The purpose of this review is to synthesize existing literature to analyze the influence of the Adverse Childhood Experiences (ACEs), including the COVID-19 pandemic, and toxic stress on child development and lifelong health outcomes of Latinx children in the USA, utilizing the ACE framework. Without adequate protective factors, children’s early experiences with adversity and toxic stress have implications for their physiological, psychological, and social health. The COVID-19 pandemic has shown to exacerbate childhood adversity and toxic stress and has disproportionately harmed Latinx communities. In applying the ACE framework to US-Latinx populations, relevant findings concerning a potential failure of ACEs to accurately capture Latinx experiences of adversity were highlighted, as well as the need to classify the COVID-19 pandemic as an ACE. Research suggest that first-generation Latinx immigrants report lower-than-average rates of ACEs despite the various disparities ethnic minorities face in the USA.
Assessment of SARS-CoV-2 testing in children during a low prevalence period (VIGIL study 1)

AUTHOR(S)
Eleonore Eskander; Camille Jung; Corinne Levy (et al.)

Published: July 2021   Journal: Infectious Diseases Now

SARS-CoV-2 induces a broad spectrum of clinical manifestations, which overlap with other viral infections very common in children. This study aimed to describe the percentage of positive SARS-CoV-2 RT-PCR tests in symptomatic and asymptomatic ambulatory children and to determine the predictive factors for positivity. From June 1 to July 31, 2020,  a cross-sectional prospective, multicenter study (13 hospital emergency units and 59 ambulatory pediatricians) was conducted throughout France. Children under 15 years of age with a prescription of nasopharyngeal SARS-CoV-2 RT-PCR test were enrolled.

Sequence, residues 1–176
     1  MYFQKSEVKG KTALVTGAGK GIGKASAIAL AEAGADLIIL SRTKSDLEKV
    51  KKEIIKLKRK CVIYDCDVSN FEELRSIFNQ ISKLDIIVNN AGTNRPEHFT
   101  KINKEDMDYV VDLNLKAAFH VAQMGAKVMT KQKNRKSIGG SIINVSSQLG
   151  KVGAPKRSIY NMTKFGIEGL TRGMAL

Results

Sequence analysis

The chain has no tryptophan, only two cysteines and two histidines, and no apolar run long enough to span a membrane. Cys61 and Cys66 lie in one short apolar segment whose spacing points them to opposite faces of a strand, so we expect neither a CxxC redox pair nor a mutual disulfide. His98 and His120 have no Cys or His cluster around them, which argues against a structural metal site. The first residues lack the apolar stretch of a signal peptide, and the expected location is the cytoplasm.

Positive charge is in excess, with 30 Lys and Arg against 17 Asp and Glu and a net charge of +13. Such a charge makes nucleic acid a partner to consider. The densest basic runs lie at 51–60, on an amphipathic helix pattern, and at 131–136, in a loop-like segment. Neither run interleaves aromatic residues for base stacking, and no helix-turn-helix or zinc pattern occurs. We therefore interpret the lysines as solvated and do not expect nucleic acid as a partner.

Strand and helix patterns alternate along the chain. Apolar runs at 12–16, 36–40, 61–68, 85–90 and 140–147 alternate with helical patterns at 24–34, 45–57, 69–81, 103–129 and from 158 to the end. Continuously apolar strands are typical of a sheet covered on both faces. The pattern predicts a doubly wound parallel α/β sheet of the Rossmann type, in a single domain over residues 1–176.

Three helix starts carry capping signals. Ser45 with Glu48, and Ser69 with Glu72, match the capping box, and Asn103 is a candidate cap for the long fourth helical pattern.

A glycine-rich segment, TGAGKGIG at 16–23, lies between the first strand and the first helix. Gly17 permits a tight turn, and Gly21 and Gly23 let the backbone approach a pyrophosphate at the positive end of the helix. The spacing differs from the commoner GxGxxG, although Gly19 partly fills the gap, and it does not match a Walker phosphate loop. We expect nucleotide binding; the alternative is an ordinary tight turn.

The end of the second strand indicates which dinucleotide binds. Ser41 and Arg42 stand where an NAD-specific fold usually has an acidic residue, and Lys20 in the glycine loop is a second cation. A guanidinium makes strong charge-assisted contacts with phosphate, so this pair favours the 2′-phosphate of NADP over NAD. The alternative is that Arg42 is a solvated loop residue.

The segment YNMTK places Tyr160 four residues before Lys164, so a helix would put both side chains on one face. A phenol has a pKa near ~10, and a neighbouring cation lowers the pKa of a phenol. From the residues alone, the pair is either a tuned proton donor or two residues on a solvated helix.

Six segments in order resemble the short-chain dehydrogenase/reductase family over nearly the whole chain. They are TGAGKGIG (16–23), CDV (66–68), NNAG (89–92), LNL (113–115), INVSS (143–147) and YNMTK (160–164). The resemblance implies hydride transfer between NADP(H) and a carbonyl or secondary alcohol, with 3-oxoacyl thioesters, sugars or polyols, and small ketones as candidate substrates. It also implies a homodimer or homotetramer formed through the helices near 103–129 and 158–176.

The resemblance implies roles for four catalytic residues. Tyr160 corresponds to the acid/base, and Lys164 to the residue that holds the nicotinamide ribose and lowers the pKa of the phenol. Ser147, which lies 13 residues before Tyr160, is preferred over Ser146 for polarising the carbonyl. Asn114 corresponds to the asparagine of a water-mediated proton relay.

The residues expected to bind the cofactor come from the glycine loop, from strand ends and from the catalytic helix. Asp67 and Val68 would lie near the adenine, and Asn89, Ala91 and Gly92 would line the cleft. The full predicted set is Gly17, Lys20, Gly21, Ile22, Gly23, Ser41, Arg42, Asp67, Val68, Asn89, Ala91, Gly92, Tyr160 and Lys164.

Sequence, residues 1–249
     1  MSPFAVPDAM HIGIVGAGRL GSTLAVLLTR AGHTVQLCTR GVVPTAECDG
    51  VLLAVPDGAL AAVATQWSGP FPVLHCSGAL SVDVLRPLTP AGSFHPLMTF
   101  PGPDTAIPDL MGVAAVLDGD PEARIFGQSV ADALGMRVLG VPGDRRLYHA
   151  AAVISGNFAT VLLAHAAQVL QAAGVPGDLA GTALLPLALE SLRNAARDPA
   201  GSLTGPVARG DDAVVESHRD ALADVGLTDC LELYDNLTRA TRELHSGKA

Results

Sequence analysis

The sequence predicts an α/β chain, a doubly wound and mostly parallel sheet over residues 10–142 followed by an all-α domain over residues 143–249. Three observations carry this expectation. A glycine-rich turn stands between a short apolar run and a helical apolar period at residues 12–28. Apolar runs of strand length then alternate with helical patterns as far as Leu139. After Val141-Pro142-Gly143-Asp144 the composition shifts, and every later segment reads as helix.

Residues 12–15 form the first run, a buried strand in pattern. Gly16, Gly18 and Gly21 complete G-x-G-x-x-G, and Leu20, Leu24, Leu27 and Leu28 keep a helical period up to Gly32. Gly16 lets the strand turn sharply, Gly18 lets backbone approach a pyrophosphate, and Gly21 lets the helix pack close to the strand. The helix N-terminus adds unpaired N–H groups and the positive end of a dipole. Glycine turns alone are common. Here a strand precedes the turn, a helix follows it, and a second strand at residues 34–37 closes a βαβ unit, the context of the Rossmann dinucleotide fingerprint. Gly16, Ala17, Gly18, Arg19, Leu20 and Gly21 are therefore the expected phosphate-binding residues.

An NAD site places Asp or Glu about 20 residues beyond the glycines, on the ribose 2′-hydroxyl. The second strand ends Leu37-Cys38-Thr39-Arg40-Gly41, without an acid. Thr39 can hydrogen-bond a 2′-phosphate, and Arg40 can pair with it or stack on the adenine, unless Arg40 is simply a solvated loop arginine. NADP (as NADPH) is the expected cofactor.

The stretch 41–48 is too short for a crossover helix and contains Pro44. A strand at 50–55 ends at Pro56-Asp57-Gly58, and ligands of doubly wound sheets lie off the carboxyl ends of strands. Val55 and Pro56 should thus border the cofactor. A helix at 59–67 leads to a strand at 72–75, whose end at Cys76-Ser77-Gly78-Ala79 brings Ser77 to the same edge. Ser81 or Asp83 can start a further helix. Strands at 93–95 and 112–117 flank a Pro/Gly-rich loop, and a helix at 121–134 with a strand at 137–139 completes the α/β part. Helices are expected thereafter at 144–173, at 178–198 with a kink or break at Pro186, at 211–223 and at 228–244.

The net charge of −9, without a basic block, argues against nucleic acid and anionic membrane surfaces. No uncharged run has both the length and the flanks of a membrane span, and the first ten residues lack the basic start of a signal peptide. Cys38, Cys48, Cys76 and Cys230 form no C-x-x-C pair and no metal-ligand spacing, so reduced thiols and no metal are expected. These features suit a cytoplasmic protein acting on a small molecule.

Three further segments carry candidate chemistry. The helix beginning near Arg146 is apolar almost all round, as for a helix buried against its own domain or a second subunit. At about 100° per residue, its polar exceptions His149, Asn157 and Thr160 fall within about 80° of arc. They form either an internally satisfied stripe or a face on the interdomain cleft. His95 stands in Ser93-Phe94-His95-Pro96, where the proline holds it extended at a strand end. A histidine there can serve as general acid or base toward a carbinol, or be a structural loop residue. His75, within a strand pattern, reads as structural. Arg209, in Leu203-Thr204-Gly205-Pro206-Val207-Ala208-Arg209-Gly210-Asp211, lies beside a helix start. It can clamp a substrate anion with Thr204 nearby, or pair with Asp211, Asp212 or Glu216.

Presentation of a participatory approach to develop preventive measures to reduce COVID-19 transmission in child care

AUTHOR(S)
Mathias Diebig; Susan Gritzka; Nico Dragano (et al.)

Published: July 2021   Journal: Journal of Occupational Medicine and Toxicology volume
It can be suspected that work in child care facilities is associated with an elevated exposure risk towards SARS-CoV-2 infections. It is still unclear under which conditions employees in those facilities can safely pursue their work. Preventive workplace-related measures to reduce transmission dynamics in this work environment need to be developed. These measures need to build on a solid scientific foundation and be ready for practical use at the same time. Therefore, the aim of the study is to present a participatory approach to identify, minimize, and eliminate workplace-specific COVID-19 transmission within child care. The approach presented combines quantitative as well as qualitative elements and includes a screening of critical workplace conditions and the development of preventive measures to foster a safe workplace design.
Predictive value of cardiac markers in the prognosis of COVID-19 in children

AUTHOR(S)
Ufuk Utku Güllü; Şükrü Güngör; Sevcan İpek

Published: July 2021   Journal: The American Journal of Emergency Medicine
Occasionally, children with COVID-19 may develop arrhythmia, myocarditis, and cardiogenic shock involving multisystemic inflammatory syndrome in children (MIS-C). This study aimed to identify the laboratory parameters that may predict early cardiovascular involvement in these patients.
Cite this research | Open access | Vol.: 43 | No. of pages: 307-311 | Language: English | Topics: Health | Tags: child health, COVID-19, Heart diseases, infectious disease
COVID-19 in children: where do we stand?

AUTHOR(S)
Georgia B. Nikolopoulou; Helena C. Maltezou